New research has shown that taller women could be more prone to suffering from cancer. The British study published online in the medical journal The Lancet on Thursday said cancer risk rose about 16% for every 4-inch rise in height. Increasing height heightened the chances of cancers of breast, ovary, womb, bowel, leukemia and malignant melanoma (skin cancer) the study found.
Lead author Jane Green from the University of Oxford and her colleagues looked at 1.3 million middle-aged women in the UK enrolled between 1996 and 2001. During an average follow-up time of about 10 years, 97,000 cases of cancer were identified. The tallest women were about 5 feet 10 inches or taller and the shortest ones in the study measured about 5 feet 1 inch or less. The average height was between 5 feet 3 inches and 5 feet 4 inches.
Results showed that the relative risk (RR) for total cancer was 1.16 times for every 10 cm rise in height. This rise in risk was seen irrespective of their date of birth, socio-economic status, body mass index, alcohol intake, physical activity, age when they began menstruating, use of oral contraceptive and hormone replacement therapy — factors that are known to affect cancer risk. The risk increased for 15 of the 17 cancer sites assessed, and was statistically significant for 10 of these (more than earlier thought): malignant melanoma (1.32), kidney (1.29), leukemia (1·26), colon (1.25), non-Hodgkin lymphoma (1·21), CNS (1.20), endometrium (1.19), breast (1.17), ovary (1.17) and rectum (1.14).
Green said, “We showed that the link between greater height and increased total cancer risk is similar across many different populations from Asia, Australasia, Europe and North America. The link between height and cancer risk seems to be common to many different types of cancer and in different people suggesting that there may be a basic common mechanism, perhaps acting early in peoples' lives, when they are growing.”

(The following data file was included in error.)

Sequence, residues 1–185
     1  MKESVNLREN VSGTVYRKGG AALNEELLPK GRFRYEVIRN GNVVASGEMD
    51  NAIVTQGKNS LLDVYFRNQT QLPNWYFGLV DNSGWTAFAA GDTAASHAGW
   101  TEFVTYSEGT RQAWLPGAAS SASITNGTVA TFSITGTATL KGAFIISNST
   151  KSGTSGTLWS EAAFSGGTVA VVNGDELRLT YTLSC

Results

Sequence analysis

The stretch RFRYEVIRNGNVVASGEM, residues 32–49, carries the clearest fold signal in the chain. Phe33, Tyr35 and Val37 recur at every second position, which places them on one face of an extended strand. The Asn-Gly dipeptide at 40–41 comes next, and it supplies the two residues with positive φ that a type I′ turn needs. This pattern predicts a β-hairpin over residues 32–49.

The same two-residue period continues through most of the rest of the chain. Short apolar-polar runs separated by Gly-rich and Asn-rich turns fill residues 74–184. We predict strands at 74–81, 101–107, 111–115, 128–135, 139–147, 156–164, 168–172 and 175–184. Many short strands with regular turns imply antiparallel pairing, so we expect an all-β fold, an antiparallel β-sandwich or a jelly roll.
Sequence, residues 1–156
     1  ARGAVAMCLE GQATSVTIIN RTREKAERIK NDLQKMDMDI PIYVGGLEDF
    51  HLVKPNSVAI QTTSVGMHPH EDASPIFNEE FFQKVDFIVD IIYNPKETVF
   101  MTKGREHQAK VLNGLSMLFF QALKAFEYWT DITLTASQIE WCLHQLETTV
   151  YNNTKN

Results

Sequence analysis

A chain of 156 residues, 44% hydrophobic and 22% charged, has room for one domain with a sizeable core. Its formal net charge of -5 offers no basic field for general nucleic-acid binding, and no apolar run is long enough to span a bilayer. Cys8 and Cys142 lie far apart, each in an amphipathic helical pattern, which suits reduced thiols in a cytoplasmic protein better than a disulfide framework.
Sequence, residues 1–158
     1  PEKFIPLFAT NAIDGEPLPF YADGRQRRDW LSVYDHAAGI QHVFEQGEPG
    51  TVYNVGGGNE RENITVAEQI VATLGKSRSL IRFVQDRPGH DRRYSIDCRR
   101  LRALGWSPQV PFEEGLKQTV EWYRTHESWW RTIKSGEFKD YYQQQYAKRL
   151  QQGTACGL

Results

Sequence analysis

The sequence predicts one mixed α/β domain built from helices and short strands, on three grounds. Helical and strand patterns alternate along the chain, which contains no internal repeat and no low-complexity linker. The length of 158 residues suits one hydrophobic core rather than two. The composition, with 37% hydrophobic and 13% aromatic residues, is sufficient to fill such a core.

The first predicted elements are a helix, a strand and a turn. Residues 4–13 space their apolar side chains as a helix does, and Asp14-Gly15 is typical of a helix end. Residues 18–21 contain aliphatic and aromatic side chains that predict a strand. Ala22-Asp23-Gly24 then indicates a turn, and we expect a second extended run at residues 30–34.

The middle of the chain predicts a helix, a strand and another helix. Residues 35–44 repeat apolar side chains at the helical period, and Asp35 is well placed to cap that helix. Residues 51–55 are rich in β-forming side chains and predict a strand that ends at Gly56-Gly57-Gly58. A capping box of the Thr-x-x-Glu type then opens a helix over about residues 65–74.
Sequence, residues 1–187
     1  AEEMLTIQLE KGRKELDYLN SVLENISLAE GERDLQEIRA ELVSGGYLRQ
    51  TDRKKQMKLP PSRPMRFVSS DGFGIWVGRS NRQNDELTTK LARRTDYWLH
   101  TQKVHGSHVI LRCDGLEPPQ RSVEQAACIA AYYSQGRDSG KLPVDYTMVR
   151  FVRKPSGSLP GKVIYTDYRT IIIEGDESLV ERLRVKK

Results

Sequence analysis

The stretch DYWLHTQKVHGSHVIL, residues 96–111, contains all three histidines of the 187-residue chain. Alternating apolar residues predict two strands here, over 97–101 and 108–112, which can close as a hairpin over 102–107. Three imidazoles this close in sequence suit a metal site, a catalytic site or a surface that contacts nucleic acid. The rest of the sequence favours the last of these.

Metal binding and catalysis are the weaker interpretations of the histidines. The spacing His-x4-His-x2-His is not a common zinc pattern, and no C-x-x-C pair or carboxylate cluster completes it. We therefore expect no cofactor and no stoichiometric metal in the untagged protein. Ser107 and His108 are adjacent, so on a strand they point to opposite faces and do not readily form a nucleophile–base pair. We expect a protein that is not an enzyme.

The reason behind the link is unclear. One possibility, according to them, is that taller women may have higher levels of growth-related hormones — both in childhood and adulthood — and these growth-related hormones may modestly increase cancer risk. The authors write, “Adult height reaches its maximum between the ages of 20 and 30 years. Variation in height relates to genetic and environmental influences acting mostly in the first 20 years, or so, of life; environmental factors, including childhood nutrition and infections, are believed to predominate. Hormone levels, especially of growth factors such as insulin-like growth factors (IGFs), might be relevant. Circulating levels of IGFs in adulthood and childhood affect cancer risk…Another possibility is that height predicts cancer risk because taller people have more cells (including stem cells), and thus a greater opportunity for mutations leading to malignant transformation. Height might thus be related to cancer risk through increased cell turnover mediated by growth factors, or through increased cell numbers.”
This wasn’t the first study focusing on height. Dr. Jaime Guevara-Aguirre of Quito, Ecuador found that people of “severely short stature” are less likely to develop cancer or diabetes during a twenty-two-year study of 99 Ecuadorian dwarfs. Throughout this study, only one woman got cancer. After treatment, it was later reported that she was cancer-free.
Other studies show higher risks for men also. Dr. Michael Blaise Cook suggests that several factors linked to height may be associated with risk of testicular cancer. After the analysis of thirteen previous studies, U.S. researchers found that every extra two inches in height raises the risk of testicular cancer by13 percent.
More research will be necessary to further confirm these studies. In the meantime, everyone should be much more concerned with lifestyle factors, including smoking, sun exposure and unsafe sex, which increase the risk of developing cancer suggest researchers.